The legendary gory yakuza & horror film director Takeshi Miike tackles a traditional samurai era jidai-geki with Sabu (2002), set in Edo beginning 1603. It opens on the emotional lives of sensitive & tragic children, including Sabu, whose parents & sister died in a fire when he was eight.
We see Sabu, at age thirteen, working in a little shop, & the girl who loves him, Osue (Kazue Fukiishi), is heartbroken. His friend Eiji is likewise orphaned, & a young girl, Nobuko, who had always loved Sabu, has become indifferent to tragedy after her sister hung herself.
With a leap forward in time we next see them grown, Sabu now played by Satoshi Tsumabuki, & they are still afflicted with tragic lives.
Ishikawa Island is a labor colony to which Eiji (Tatsuya Fujiwari) was sent unjustly. This labor colony really existed, right up until 1912.
Nobuko (Tomoko Tabata) has ended up prostituted. And Sabu still works for next to nothing at the rice paper doors shop. Except he loses his position due to his continued support of Eiji.
Nobuko wishes to run away with him, but Sabu feels he owes Eiji so much, he can't abandon him to his fate, plus he's furtively in love with Osue, not Nabuko who he regards more like a sister.
Sabu wants to start a shop with Eiji as soon as he's free, to which Nobuko amends hopefully, "You, me, & Eiji."
Though Sabu is the conscience of the film & thus the title character, he's actually a secondary protagonist, after Eiji.
Eiji begins to cultivate very private plans for when he's released, plans that could well result in his own death.
On the island he's badly injured saving another man's life. Sabu visits with medicine to help him heal, & weeps copiously that his friend will always walk with a game leg.
We have a tale of love, deep friendship, tragedy, & injustice.
Tomoko Tabata, who was only nineteen years old when he played Eiji, is like a new Hashizo Okawa who was the prettiest male lead of the '50s & '60s.
Whether from Miike encouraging great work or from the young actor's inate brilliance, he comes off brilliantly, not like the usual youth-star who tend at best to be only adequate.
As with other examples of the new humane jidai-geki exemplified by Yoji Yamada's Twilight Samurai (Tasogare Seibei, 2002), character is more important than swordplay, dramatic content trumps action.
But for viewers who must have it, there certainly is action, notably when Seiji, though crippled, fights vicious yakuza prisoners.
The choreography for the few scenes of violence is brutal & realistic. Since the characters are not trained samurai, these moments of physical conflict are crass, cruel, & homely.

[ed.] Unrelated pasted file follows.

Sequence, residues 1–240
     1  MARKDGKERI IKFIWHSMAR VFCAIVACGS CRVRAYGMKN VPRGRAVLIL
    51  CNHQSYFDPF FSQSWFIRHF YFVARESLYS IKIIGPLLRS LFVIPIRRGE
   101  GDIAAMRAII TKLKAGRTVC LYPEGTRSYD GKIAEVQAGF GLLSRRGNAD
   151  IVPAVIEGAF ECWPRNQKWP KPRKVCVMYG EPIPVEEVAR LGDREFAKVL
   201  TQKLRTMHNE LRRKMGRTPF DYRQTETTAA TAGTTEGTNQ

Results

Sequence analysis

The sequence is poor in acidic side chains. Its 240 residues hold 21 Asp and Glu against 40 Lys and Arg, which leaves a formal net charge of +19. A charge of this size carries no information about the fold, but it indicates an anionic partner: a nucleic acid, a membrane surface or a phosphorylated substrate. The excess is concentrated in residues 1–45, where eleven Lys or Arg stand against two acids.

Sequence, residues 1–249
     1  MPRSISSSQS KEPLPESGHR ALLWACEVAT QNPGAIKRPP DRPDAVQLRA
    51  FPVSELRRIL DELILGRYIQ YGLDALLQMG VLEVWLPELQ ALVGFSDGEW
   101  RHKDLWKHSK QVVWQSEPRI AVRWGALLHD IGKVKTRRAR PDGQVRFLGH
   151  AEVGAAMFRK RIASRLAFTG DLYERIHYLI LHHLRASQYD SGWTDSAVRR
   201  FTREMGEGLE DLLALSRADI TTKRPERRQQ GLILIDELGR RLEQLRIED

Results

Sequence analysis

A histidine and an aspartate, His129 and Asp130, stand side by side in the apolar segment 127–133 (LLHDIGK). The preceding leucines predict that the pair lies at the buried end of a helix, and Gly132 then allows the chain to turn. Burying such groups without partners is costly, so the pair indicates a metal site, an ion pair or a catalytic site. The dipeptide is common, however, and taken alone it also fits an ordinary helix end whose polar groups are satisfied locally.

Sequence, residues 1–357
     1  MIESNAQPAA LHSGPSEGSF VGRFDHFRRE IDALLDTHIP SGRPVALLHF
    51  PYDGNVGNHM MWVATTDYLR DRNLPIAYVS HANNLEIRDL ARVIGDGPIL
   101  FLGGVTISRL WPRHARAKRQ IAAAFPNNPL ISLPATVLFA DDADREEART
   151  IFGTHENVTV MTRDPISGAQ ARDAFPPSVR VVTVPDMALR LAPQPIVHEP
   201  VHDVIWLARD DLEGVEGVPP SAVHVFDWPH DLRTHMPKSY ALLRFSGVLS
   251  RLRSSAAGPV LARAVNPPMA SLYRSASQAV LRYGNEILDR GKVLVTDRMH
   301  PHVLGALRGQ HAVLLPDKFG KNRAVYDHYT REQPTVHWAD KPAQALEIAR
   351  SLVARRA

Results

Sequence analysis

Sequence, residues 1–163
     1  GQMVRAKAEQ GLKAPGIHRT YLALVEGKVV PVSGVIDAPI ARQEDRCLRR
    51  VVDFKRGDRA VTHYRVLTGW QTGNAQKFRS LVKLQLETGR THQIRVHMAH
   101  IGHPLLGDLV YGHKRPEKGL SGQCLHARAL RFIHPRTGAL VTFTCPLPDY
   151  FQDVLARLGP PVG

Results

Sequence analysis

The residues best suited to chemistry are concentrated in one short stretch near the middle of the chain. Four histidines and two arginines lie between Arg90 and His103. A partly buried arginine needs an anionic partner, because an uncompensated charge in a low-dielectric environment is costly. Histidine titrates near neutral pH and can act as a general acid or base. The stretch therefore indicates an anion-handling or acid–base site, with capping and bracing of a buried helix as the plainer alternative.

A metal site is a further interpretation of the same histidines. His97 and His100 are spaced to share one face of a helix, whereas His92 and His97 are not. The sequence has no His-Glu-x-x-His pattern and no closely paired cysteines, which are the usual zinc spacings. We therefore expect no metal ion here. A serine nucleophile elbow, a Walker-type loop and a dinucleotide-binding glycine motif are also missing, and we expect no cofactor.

And a concluding scene for Matsuda (Naomasa Rokudaira), Noboku's pimp, finds this terrible, terrible man performing one heroic act before committing suicide awesomely in a mesmerizingly horrific inferno.
Seiji, released at long last from the prison isle, warns Sabu not to be near him, as he plans to "raise hell" getting revenge.
I don't want to give it away, so anyone who knows the revenge motifs of Japanese period films will have to wait to find out if there is or is not the usual bloodbath as climax!
But I can tell you Sabu strives to convince Eiji not to take this road. Any viewer with a heart will by now hope he won't do it, as so many care for him, & it's not too late to live a decent artisan life.
Although Sabu was made as a telefilm, it is not at all lacking in big-screen qualities, as it's Miike directing after all, & when he puts his mind to doing a project well, he's apt to show genius.
And it has an intelligent script by Hiroshi Takeyama based on a story by Kurosawa's favorite novelist, Shugoro Yamamoto, whose brilliant tales have been adapted to such fine films as After the Rain (Ame agaru, 1999), Kill! (Kiru, 1968), Red Beard (Akahige, 1965), & Sanjuro (Tsubaki Sanjuro, 1962).
Period films when made for tv tend to star mere kids to capture young viewers, & are more about the soap opera angle than the history or action. But this one's specific genre is called "Loyalty Drama" with a severity that will appeal to jidai-geki fans even though it is about the artisan class rather than samurai.
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